So, that’s a brief overview of what’s been happening for the past few months. But, let’s get back to this Pumpkin Maple Coffee Cake!
I made sure to add plenty of pumpkin to this recipe and made a maple syrup drizzle for the top to really make sure you get that maple flavour. There’s maple syrup in the cake too, along with spices. It really is the perfect cake for your afternoon coffee.
You can bake this Pumpkin Maple Coffee Cake in a round tin, like I did. However, I’ve also made coffee cakes in square pans, it’s totally up to you. It does take quite a while to bake. This is because it’s a pretty thick cake. However, after the initial browning and rise, I turn the oven down to 160C/325F, so as not to dry the cake out.
If you are planning on adding the maple syrup icing, you’ll want to wait for the cake to cool before serving. You can also serve it warm from the oven without the icing.
The oat topping recipe is my absolute favourite. It’s perfectly crunchy, clumps together well, isn’t too sweet and compliments whatever it’s added to! The cake mixture itself is a simple one as well. Creaming butter and light brown sugar before adding eggs, then dry ingredients and 1 cup of pumpkin purée.
There’s nothing more Autumnal than a good pumpkin cake with a warm coffee. Add in the maple syrup and you’ve got a winner. It just adds a little something extra to this cake. This Pumpkin Maple Coffee Cake is not meant to taste strongly of maple syrup. The maple syrup compliments the other flavours, rather than overpowers them.
Here are some other recipes you might enjoy:
- Pumpkin Apple Coffee Cake
- Pumpkin Chocolate Chip Streusel Muffins
- Apple and Cinnamon Clotted Cream Cake
Pumpkin Maple Coffee Cake
- FOR THE OAT TOPPING:
- 1/2 stick (56g) unsalted butter, cold and cubed
- 1/4 cup (50g) light brown sugar
- 1 cup (80g) rolled oats
- 1/2 cup (70g) plain/all-purpose flour
- 1 tbsp maple syrup
- FOR THE CAKE:
- 1 stick (113g) unsalted butter, at room temperature
- 1 cup (200g) light brown sugar
- 2 large eggs
- 1/2 tsp vanilla extract
- 2 cups (280g) plain/all-purpose flour
- 1 tsp ground cinnamon
- 1/2 tsp ground ginger
- 1/4 tsp ground nutmeg
- 1/4 tsp ground cloves
- Pinch of salt
- 2 tsp baking powder
- 1 cup (240g) pumpkin purée
- 5 tbsp maple syrup
- FOR THE MAPLE ICING (OPTIONAL):
- 6 tbsp icing/powdered sugar
- 1 tbsp maple syrup
- 1/2-1 tbsp milk, I used oat milk
- Preheat the oven to 180C/350F and line an 8 or 9 inch round cake pan with grease proof paper. I like to spray the base and sides with Wilton Bake Easy/cooking spray to make doubly sure my cake won't get stuck! I find a springform much easier to use, but loose bottom or a tin without a removable base is fine too. If using a cake tin without a removable bottom, make sure to add a strip of grease proof paper across the base of the tin, with enough overhang to lift the cake out.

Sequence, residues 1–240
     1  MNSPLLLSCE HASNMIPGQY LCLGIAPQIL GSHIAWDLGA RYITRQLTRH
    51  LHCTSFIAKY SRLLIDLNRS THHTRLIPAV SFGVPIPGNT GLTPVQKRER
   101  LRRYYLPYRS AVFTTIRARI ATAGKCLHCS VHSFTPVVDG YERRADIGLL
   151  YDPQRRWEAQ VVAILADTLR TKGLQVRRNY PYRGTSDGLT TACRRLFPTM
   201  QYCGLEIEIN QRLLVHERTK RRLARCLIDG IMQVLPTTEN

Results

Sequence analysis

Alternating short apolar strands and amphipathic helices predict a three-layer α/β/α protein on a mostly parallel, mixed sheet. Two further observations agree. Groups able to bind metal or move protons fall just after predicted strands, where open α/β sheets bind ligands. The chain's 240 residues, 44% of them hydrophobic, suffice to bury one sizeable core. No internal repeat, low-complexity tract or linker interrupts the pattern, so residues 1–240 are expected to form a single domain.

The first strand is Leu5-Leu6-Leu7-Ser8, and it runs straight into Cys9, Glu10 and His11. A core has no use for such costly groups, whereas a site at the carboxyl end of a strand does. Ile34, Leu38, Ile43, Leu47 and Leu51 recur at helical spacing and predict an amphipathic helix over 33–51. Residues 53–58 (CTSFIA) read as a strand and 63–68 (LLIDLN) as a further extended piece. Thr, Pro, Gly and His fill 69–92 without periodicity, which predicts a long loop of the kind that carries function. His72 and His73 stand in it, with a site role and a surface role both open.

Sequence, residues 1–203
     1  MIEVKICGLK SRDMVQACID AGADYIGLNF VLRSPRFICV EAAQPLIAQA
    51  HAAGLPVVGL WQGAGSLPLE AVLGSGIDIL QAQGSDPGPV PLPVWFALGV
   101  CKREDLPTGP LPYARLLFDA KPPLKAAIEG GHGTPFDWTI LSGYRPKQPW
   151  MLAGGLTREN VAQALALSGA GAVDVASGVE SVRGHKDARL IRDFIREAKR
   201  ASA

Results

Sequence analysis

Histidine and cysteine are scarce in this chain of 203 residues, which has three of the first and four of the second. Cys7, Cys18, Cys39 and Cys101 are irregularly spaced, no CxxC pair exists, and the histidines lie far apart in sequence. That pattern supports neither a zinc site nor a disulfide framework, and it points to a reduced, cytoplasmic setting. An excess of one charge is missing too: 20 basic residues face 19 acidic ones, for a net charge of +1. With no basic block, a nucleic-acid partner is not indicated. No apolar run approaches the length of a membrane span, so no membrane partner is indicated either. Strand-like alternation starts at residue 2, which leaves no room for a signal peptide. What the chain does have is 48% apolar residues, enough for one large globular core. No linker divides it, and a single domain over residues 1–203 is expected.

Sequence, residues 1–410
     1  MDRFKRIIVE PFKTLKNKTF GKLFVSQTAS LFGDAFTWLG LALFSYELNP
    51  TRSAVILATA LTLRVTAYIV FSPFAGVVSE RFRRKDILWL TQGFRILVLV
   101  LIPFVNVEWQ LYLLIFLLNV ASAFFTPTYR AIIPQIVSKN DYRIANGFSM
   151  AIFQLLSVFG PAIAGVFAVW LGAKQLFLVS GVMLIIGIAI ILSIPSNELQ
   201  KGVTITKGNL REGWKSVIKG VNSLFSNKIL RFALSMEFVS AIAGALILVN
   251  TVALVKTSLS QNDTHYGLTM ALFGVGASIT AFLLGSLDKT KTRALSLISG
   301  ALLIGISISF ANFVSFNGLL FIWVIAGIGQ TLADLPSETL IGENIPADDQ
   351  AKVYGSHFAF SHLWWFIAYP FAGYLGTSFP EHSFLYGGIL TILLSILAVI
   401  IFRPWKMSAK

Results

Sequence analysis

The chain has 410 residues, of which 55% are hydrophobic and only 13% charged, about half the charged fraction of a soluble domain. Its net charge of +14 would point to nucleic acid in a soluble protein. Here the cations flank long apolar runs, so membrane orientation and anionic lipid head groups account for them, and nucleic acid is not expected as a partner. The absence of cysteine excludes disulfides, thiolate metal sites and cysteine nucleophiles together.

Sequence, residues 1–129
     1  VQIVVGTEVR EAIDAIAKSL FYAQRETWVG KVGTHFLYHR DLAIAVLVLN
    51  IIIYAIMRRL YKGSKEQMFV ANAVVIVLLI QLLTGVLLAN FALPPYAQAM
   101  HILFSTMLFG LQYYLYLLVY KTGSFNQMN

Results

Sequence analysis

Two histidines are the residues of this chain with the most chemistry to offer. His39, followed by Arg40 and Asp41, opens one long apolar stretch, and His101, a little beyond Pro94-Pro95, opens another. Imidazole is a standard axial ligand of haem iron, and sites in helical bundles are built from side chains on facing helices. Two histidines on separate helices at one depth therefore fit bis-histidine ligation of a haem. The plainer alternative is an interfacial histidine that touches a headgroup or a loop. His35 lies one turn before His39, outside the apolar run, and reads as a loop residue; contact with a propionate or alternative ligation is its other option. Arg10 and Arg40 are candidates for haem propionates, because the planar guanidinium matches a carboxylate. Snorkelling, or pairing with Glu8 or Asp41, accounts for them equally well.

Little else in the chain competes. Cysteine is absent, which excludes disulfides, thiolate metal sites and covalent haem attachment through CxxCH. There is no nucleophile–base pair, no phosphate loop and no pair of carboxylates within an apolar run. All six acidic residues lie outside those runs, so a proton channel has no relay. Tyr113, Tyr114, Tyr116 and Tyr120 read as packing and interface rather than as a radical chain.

- Make the oat topping first: Place butter, sugar, oats, flour and maple syrup into a medium sized bowl and use your fingers to rub the mixture together. Continue until you have a coarse breadcrumb texture. Some larger and some smaller lumps are perfect. Leave to one side.
- Make the cake: Place the butter and sugar into a large bowl, or the bowl of your stand mixer and beat until light and fluffy. This will take around 2 minutes on high speed, the mixture will pale slightly when done.
- Scrape down the sides as necessary and add the eggs. Mix on medium speed until well incorporated and smooth.
- Add in the flour, spices, salt and baking powder and mix on low until the mixture starts to come together. Then add the pumpkin purée and maple syrup. Continue to mix on low until everything is incorporated, then turn the speed up to medium for 20-30 seconds to make sure everything is well combined and there are no lumps of flour or pumpkin.
- Tip the cake mixture into your prepared pan and smooth into an even layer. Spoon or sprinkle the oat mixture on top of the cake. There should be more than enough to completely cover the cake. I love my cakes to have loads of topping, but you can use slightly less if you'd rather. Simply scatter any leftover topping onto a baking tray and bake for 10-12 minutes at 180C. You'll basically end up with granola, eat by the handful or sprinkled on yoghurt etc.
- Place the cake into the oven for 30 minutes at 180C/350F. Check the cake at this point and if it is risen and golden, turn the oven down to 160C/325F and bake for another 25-30 minutes, until an inserted skewer into the centre comes out clean. If the cake isn't quite done rising/browning after 30 mins, leave it at 180C/350F for another 5-10 mins before turning down to 160C/325F for 20-25 mins.
- Once the cake is baked, leave to cool for at least 30 minutes before attempting to remove from the cake pan. If you want to, serve the cake warm from the oven. Alternatively, leave the cake to cool completely, before transferring to a plate.
- Make the optional maple syrup icing: Place 6tbsp of icing/powdered sugar into a small bowl and add 1tbsp maple syrup. Mix and add 1/2tbsp of milk. Continue to mix until there are no lumps and you have a consistency that will freely drizzle off of a spoon, but stick to the cake and not run straight off. When you lift your spoon out of the bowl, it should coat the spoon and drizzle into the bowl, with a visible ribbon that goes after 5-10 seconds. If required use the remaining 1/2tbsp milk.
- I like to drizzle diagonally across my cake, making sure to drip it off the edges too. I think it just looks nicer this way, but you can drizzle it on any way you like. Leave to set up for 10-15 minutes before slicing into wedges and serving.
- Pumpkin Maple Coffee Cake will keep covered, in the fridge for 6 days, or at room temperature for 4 days.